How untrue. If Jesus had not been safe in Mary's womb there would have been no salvation for us. Mary recognized her Savior had come to earth and was lifted up in praise to God.

John the Baptist recognized the Lord had come to earth when Mary came to Elizabeth. He leaped in his mother's womb. John, in his mother's womb, recognized Jesus. It was John's calling to announce Christ's coming. He was to go before the Lord, (Luke 1:17)

"in the spirit and power of Elijah…
—to make ready a people
prepared for the Lord."

Philip Ryken writes, (The Incarnation in the Gospels, p. 69)

" 'Not yet born, already John prophesies,' wrote Maximus of Turin, 'and while still in the enclosure of his mother's womb, confesses the coming of Christ with movement of joy.' John the Baptist was the only child ever to use a womb for a pulpit. In the liquid darkness of his mother's womb, the unborn child kicked for joy, leaping at the sound of Mary's voice, and in this way preparing people for the coming of Christ."

The baby leaping in Elizabeth's womb was a great confirmation of the angel's promise to Mary. John Calvin says, (Songs of the Nativity, p. 10)

"John had not yet uttered a word, nor could he see. Even so the movement which his mother felt was like a trumpet sound and, along with Mary, she was bound to see in it proof of Jesus' divine majesty."

Her Savior had come and this changed everything. Mary made God's name great. She magnified the Lord.

She knew that God was her Savior. John Calvin writes, (Songs of the Nativity, p. 24)

"Just to feel joy is simplicity itself. That is what the children of this world do all the time. But to rejoice in God is impossible until we experience the love he has for us, and until we know that he will not desert us but will lead us on to the end."

There are three things to note in Mary's song about magnifying the Lord.

First, we can best magnify the Lord when we know His Word.

Mary magnified the Lord by bringing God's Word to her mind and using Scripture to praise God. Mary's song filled with Old Testament references. Indeed, Philip Ryken points out that Mary's song,

"either quotes from or alludes to verses from Genesis, Deuteronomy, 1 and 2 Samuel, Job, Psalms, Isaiah, Ezekiel, Micah, Habakkuk and Zephaniah."

The point is that if you're going to exult in the Lord, you need to know your Bible. Mary knew her Bible. We usually think of Mary as an uneducated young maiden. But her song shows that she was deeply schooled in the Old Testament. So much so that Philip Ryken says of Mary's song,

"Mary tried to put virtually the whole Bible into her song!"

Mary sang from her heart but her heart was filled with God's Word. She knew her Bible and it was the basis of her song.

Today some professing Christians devalue the Bible. They're more interested in their feelings, or mystical leadings. They will accuse those of you who love the Word and meditate on it of worshipping the Bible instead of God. But that is totally misguided. If you want to magnify God, make His name great—it is absolutely essential that you bring to mind God's mighty acts. In her song Mary mentions God's holiness, His mercy, His being her Savior, His power and might, His justice to the proud and rich, His kindness and His faithfulness to His people.

R. Kent Hughes explains it this way, (Luke Volume 1: p. 48)

"We magnify or enlarge God when we take into our thinking some new aspect of his greatness. For example, when we meditate for the first time on the magnificent texts of creation, perhaps Col. 1:15–18, John 1:1–3, or Hebrews 1:1–3, our thoughts regarding God are enlarged. Likewise, meditation on Christ's death and atonement in the Gospel accounts will expand our theological knowledge. The fuller our knowledge of his greatness, the greater our ability to enlarge him."

The second thing we see about making God great is that

we can best magnify the Lord when we are humble.

As a matter of fact, we can only magnify God when we are humble. When we have pride we magnify ourselves. In order to magnify God, we have to recognize who we truly are, what our true position is. To the extent that we boast about ourselves to that extent we rob God of praise and honor. We need humility to honor God as we should. It is absolutely necessary. In a sermon on our text John Calvin wrote,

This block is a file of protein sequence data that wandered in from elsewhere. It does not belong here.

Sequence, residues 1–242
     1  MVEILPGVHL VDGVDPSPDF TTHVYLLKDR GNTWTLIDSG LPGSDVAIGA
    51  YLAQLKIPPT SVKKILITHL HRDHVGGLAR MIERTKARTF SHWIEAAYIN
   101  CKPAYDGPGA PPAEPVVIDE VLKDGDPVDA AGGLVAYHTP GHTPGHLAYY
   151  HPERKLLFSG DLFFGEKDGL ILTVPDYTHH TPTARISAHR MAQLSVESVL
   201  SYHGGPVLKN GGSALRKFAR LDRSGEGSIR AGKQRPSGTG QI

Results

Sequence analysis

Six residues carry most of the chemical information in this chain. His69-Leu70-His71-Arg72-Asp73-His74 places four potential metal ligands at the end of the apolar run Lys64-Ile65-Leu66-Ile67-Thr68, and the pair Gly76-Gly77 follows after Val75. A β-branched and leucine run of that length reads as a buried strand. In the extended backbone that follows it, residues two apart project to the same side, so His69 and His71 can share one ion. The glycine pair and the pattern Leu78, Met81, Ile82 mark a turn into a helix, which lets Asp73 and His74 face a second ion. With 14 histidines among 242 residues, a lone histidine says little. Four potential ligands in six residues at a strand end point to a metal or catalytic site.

"God receives due praise only when we reserve nothing to ourselves. Devoid of any goodness, we must seek it in Jesus Christ, from whom we must receive it. He is the key to everything."

Mary knew this and she sang,

"for he has been mindful
of the humble state of his servant."

Mary was a poor peasant girl from Nazareth. But even when God make it known to her that she was going to be the mother of the Lord—she did not exalt herself. She glorified the Lord. She knew she was going to be called blessed by coming generations, not because she was someone great—but rather because,

"the Mighty One has done
great things for me—
holy is his name."

The good work that she was going to do, that came from God. God prepared it from before the creation of the world. As Ephesians 2:10 says,

"For we are God's workmanship,
created in Christ Jesus
to do good works,
which God prepared in advance
for us to do."

The third thing to note about Mary's magnifying the Lord is that

Mary rejoiced even though she was in a difficult situation.

I believe at this point she was pregnant and not married. This also seems to have occurred before Joseph agreed to marry her. There was much uncertainty ahead of her. Yet she rejoiced and exulted in the Lord. She knew that because her Savior had come that even in the midst of so much uncertainty, she should rejoice.

John Calvin writes, (Songs of the Nativity, p. 25)

"although in the world's eyes we may experience many troubles, we should nevertheless press on and overcome all things through the joy that is ours, since everything works for salvation when God loves us and when we are acceptable to him."

That's why Paul could insist that the Philippian Christians rejoice even though they had many struggles. Repeatedly in Philippians he told them to rejoice. He wrote, (Philippians 4:4)

"Rejoice in the Lord always.
I will say it again:

Christians, rejoice. Your Savior has come! He has defeated death, Satan, everything that was against you. He is now at God's right hand ruling all things for you and His glory.

Lastly, if you're not in Christ, you need to be. Would God have sent His Son into the world, to suffer, to die, if it was not necessary? If you could be saved by doing good, by trying hard would God do that? If you could atone for your sins yourself—would God have done that? No. He did it because it was the only way. Go to Jesus now. Trust Him. Ask Him to save you.